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Precipitation legacies in desert grassland primary production occur through previous‐year tiller density

Lara G. Reichmann, Osvaldo E. Sala, Debra P. C. Peters
Ecology 2013 v.94 no.2 pp. 435-443
aboveground biomass, deserts, ecosystems, grasslands, nitrogen, nutrient availability, plant available water, plant growth, primary productivity, rain, rainfall simulation, tillers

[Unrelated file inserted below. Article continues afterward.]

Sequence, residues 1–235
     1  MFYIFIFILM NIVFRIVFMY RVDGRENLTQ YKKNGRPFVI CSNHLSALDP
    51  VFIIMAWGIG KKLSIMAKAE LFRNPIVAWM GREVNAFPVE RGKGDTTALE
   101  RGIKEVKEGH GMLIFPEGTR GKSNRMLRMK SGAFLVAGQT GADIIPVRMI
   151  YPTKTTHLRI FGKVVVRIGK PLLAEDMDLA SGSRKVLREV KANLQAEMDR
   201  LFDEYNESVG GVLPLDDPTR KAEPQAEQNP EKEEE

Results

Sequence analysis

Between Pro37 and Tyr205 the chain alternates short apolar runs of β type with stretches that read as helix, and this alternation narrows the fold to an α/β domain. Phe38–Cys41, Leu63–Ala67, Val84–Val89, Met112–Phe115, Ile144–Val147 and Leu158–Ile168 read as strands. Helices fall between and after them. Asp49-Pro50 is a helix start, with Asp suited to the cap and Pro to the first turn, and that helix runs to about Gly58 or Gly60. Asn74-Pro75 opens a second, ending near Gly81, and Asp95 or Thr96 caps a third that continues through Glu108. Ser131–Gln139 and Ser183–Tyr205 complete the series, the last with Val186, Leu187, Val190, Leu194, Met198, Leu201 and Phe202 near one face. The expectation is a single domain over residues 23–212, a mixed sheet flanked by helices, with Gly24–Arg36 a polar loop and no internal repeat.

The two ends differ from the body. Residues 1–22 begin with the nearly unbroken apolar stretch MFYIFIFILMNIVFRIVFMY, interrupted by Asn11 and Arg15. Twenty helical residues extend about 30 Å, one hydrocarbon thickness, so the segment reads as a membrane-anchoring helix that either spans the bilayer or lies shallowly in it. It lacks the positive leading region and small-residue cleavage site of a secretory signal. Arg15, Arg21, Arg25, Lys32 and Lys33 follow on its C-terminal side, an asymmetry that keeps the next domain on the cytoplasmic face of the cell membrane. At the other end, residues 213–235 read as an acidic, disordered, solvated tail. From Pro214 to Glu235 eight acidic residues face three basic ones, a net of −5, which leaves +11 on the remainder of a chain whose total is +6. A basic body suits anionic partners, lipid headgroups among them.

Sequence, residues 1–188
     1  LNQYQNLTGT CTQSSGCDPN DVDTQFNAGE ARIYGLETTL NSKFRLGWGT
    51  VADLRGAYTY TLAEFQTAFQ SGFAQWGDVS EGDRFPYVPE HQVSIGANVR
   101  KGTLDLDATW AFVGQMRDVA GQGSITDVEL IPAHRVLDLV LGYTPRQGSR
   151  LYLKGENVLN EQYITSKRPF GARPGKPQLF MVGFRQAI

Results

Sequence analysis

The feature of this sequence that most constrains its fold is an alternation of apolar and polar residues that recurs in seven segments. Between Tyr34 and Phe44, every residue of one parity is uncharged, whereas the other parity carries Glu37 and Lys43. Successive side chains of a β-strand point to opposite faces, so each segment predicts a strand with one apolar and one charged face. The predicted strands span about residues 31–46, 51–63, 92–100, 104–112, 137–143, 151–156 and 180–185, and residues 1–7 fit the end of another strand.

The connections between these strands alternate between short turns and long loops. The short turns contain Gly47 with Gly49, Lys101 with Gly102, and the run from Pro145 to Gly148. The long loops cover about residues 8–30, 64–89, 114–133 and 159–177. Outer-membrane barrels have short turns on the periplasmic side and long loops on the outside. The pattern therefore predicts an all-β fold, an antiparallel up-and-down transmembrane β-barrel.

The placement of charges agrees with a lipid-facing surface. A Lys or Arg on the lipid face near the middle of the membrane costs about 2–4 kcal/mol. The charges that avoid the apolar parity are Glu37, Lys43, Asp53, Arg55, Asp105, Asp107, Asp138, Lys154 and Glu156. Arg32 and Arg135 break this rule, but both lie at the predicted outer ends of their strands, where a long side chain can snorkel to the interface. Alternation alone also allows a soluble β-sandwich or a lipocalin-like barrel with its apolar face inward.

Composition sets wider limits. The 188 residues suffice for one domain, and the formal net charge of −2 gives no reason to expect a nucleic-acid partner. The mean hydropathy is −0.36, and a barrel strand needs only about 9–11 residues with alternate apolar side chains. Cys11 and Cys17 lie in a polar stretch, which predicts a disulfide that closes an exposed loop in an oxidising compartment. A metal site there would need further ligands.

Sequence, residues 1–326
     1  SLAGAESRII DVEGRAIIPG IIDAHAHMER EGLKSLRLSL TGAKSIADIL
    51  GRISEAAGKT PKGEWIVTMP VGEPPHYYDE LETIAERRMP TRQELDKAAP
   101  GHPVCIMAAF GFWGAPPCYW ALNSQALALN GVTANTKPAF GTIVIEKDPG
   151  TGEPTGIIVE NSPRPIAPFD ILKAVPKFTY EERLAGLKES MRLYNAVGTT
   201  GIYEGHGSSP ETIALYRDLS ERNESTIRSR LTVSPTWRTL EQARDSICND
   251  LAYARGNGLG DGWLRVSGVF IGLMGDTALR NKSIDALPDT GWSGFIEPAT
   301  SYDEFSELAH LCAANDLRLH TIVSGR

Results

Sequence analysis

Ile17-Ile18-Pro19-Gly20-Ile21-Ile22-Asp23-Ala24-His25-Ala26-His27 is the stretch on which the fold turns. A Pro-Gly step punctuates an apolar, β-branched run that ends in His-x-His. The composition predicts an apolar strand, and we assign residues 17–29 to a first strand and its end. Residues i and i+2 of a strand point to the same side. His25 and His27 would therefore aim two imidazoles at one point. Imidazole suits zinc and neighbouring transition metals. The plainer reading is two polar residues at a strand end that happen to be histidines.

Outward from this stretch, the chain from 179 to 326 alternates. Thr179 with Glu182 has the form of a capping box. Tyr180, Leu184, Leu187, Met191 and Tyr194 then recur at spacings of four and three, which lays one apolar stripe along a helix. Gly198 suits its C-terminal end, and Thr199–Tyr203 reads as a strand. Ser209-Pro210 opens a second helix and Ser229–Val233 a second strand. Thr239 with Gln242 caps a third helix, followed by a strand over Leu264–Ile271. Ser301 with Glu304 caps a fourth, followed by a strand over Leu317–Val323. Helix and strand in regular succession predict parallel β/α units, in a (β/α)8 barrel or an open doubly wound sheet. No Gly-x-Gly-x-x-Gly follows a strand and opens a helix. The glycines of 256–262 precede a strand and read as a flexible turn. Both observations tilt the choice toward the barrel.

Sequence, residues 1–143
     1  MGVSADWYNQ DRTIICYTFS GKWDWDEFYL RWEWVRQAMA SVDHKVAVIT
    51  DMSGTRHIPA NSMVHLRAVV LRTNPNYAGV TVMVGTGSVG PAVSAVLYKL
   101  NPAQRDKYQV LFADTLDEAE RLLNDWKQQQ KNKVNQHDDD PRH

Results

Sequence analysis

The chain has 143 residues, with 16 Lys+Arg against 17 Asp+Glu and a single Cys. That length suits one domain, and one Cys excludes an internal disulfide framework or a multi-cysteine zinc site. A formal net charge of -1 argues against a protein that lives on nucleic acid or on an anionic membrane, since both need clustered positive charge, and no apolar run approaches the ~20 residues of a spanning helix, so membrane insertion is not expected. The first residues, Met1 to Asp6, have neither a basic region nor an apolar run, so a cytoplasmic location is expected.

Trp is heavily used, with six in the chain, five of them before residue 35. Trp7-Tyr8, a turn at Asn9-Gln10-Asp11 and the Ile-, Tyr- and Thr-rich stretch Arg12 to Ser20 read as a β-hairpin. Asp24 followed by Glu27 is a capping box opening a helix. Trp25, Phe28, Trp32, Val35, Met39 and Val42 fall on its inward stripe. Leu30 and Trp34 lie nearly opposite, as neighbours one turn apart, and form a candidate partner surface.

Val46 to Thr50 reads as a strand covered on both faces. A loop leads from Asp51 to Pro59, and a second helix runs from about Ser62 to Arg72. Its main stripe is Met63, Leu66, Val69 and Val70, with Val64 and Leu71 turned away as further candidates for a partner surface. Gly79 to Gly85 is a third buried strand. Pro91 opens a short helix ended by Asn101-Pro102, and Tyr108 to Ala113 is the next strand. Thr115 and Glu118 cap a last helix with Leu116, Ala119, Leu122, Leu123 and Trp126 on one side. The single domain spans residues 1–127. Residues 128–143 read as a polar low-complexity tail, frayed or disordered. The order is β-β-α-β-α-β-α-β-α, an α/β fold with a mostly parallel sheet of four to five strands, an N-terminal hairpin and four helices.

In arid ecosystems, current‐year precipitation often explains only a small proportion of annual aboveground net primary production (ANPP). We hypothesized that lags in the response of ecosystems to changes in water availability explain this low explanatory power, and that lags result from legacies from transitions from dry to wet years or the reverse. We explored five hypotheses regarding the magnitude of legacies, two possible mechanisms, and the differential effect of previous dry or wet years on the legacy magnitude. We used a three‐year manipulative experiment with five levels of rainfall in the first two years (−80% and −50% reduced annual precipitation (PPT), ambient, +50% and +80% increased PPT), and reversed treatments in year 3. Legacies of previous two years, which were dry or wet, accounted for a large fraction (20%) of interannual variability in production on year 3. Legacies in ANPP were similar in absolute value for both types of precipitation transitions, and their magnitude was a function of the difference between previous and current‐year precipitation. Tiller density accounted for 40% of legacy variability, while nitrogen and carry‐over water availability showed no effect. Understanding responses to changes in interannual precipitation will assist in assessing ecosystem responses to climate change‐induced increases in precipitation variability.